Monday, January 12, 2015

Time to Leave Missouri

Sometimes animals migrate; it could be from the bottom of a mountain to higher pastures or it could be to another hemisphere. Sometimes animals just don’t know when to leave, or they may have an injury that prevents them from migrating.

The Broad-winged Hawk migrates through the Midwest on its way to and from central and South America each year.  There is a small window of time when these birds pass through the area. 

The World Bird Sanctuary’s Kathryn G. Favre Wildlife hospital admits a number of Broad-winged Hawks each year and most get released well before the migration south.  This year, however, there were two Broad-wings that each had broken wings.  It takes 6 weeks for a fracture to bond, and then another 5 to 6 weeks of physical therapy after the wing is unwrapped before a bird can be released. 

Even after a bird has recovered from its injuries, it does not mean it is ready to fly to South America.   Some years we have kept late migrants through the winter and released them in the early spring when the other birds return.  Since Broad-wings leave Missouri to escape the cold winters, and we didn’t have suitable indoor housing to keep them warm, we had to come up with an alternative plan.  This year we had the opportunity to send these birds to the Gladys Porter Zoo in south Texas.   This zoo has a small rehabilitation center for birds, and several of their staff released them shortly after they arrived.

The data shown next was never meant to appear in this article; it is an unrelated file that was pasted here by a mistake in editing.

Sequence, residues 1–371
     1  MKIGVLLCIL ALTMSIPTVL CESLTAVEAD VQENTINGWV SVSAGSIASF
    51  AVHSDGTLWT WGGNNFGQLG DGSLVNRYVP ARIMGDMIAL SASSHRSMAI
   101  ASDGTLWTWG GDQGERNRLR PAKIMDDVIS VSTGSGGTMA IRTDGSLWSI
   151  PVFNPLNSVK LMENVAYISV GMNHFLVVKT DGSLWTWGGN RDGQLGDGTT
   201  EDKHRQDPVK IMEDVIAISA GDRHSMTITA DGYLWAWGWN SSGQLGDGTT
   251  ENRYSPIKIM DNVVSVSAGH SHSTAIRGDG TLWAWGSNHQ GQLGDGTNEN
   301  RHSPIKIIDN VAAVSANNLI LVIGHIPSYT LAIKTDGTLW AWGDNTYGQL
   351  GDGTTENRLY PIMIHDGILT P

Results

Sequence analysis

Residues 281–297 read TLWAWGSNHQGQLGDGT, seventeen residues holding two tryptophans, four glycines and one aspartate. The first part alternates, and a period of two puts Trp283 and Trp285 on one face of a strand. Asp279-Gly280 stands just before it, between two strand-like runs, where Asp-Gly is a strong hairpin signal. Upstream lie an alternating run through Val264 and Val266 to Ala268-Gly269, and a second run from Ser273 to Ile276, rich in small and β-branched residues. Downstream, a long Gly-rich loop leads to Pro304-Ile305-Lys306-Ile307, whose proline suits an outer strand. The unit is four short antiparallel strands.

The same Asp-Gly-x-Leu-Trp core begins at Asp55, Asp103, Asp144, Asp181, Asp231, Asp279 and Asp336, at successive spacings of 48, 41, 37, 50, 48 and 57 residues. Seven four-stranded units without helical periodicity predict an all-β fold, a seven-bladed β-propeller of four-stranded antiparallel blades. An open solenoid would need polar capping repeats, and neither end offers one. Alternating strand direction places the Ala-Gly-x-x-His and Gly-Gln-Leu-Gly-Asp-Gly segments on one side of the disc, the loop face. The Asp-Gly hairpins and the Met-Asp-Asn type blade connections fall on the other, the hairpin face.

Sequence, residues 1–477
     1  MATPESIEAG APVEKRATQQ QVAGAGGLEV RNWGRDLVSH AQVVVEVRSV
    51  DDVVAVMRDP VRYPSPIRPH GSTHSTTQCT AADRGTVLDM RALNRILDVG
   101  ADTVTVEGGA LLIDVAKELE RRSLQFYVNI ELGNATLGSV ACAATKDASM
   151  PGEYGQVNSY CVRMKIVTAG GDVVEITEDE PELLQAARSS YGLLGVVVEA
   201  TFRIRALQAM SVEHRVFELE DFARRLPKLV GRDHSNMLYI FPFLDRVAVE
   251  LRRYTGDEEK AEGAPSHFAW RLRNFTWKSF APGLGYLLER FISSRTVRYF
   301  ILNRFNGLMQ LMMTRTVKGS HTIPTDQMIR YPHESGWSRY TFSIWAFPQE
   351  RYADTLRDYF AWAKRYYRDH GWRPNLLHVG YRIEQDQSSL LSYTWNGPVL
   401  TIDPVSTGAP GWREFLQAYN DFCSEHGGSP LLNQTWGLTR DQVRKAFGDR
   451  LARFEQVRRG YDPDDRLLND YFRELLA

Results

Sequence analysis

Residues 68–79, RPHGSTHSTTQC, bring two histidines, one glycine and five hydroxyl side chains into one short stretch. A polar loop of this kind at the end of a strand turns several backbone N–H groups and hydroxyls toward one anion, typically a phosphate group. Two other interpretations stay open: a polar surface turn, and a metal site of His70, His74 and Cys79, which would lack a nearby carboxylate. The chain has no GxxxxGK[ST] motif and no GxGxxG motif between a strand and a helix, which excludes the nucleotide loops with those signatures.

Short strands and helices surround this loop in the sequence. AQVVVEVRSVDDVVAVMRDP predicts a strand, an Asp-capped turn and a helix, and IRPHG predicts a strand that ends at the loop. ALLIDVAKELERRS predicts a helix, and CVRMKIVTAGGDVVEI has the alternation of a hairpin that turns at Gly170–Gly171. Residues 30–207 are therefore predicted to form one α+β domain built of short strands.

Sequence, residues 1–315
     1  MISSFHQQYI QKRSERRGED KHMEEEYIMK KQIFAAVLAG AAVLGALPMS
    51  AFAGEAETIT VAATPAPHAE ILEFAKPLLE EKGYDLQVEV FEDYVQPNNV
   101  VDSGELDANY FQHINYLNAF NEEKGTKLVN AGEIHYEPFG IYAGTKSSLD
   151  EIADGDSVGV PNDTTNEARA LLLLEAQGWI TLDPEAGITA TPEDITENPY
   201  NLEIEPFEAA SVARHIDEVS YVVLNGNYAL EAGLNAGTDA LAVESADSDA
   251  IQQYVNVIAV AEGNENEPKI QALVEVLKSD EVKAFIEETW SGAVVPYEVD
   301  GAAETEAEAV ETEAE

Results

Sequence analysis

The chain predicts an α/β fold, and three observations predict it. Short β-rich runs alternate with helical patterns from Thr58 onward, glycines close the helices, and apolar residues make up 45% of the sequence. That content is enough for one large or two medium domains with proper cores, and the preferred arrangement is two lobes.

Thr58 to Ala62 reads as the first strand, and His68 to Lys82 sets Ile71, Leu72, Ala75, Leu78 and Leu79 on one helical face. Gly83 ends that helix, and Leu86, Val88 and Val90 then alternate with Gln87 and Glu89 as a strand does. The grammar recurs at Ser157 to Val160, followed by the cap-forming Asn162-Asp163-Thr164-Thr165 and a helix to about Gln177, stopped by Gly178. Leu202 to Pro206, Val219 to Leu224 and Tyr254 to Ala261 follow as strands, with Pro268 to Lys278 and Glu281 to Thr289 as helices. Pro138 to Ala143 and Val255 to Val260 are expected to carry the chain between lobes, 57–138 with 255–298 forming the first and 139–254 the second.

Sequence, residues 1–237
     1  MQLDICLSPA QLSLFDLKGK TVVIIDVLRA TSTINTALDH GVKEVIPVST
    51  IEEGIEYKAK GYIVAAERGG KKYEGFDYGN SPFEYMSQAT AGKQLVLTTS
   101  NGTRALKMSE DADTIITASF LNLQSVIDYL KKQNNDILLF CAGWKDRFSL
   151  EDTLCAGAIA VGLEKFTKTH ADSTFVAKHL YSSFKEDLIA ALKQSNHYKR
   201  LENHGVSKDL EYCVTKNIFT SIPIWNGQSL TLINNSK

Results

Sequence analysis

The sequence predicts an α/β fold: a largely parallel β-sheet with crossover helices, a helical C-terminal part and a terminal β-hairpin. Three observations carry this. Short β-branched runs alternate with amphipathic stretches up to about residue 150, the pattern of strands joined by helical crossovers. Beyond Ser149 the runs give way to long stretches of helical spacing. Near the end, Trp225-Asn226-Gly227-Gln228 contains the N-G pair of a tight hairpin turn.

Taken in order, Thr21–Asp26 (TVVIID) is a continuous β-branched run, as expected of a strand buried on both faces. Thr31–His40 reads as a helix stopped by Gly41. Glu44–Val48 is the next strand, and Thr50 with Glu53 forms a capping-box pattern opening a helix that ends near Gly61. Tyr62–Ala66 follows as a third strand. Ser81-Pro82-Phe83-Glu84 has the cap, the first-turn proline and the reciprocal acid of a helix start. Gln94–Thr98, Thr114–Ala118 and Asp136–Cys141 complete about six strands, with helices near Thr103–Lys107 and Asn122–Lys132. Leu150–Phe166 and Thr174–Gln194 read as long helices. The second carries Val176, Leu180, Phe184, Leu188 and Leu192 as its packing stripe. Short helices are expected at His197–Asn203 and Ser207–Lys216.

A photo of the imped feathers from another hawk species which will  help our released bird in its flight.  

The birds were flying great after being in captivity for 4 months, but they had broken a few tail feathers.  After imping (super gluing) 5 new feathers onto each bird’s tail, then wrapping the tails in postal tape to protect them during shipping, the hawks were almost ready. 

An ingenious temporary hood created by Sanctuary Manager Joe Hoffman for shipping this Broad-winged Hawk to its release site

They only needed falconry hoods to calm them as they traveled.  Hoods are made by stitching leather and fashioning a pattern to fit over the head of a species.  No one makes hoods to fit a Broad-winged Hawk because they are not used in the sport of falconry, so we needed one-time use temporary hoods. I invented the duct tape hood.  None of the tape’s sticky part touches the bird of course. 

Then it was time to leave the sanctuary, Missouri, and soon maybe even the United States.  Being shipped by jet liner to a place so far south in Texas got the hawks closer to other Broad-wings staying the winter in central Mexico.  Even if the hawks stayed near the town of Brownsville, TX, until the spring migration, their winters are much warmer than here in Missouri.

Following are photos of the actual release:

Ready to fly (photo: Gwyn Carmean)
 Flying free at last (photo: Gwyn Carmean)
 Resting in a tree after the release (photo: Gwyn Carmean)

We would like to thank Dr. Tom Damaar and staff of the Gladys Porter Zoo for all their help in accepting, housing and releasing the hawks and Gwyn Carmean for allowing us to use her photos of the release. 

Submitted by Joe Hoffmann, World Bird Sanctuary’s Sanctuary Manager 

1 comment:

Pam Gardner said...

This is an awesome story. You all do such great work. Loved visiting your facility last year.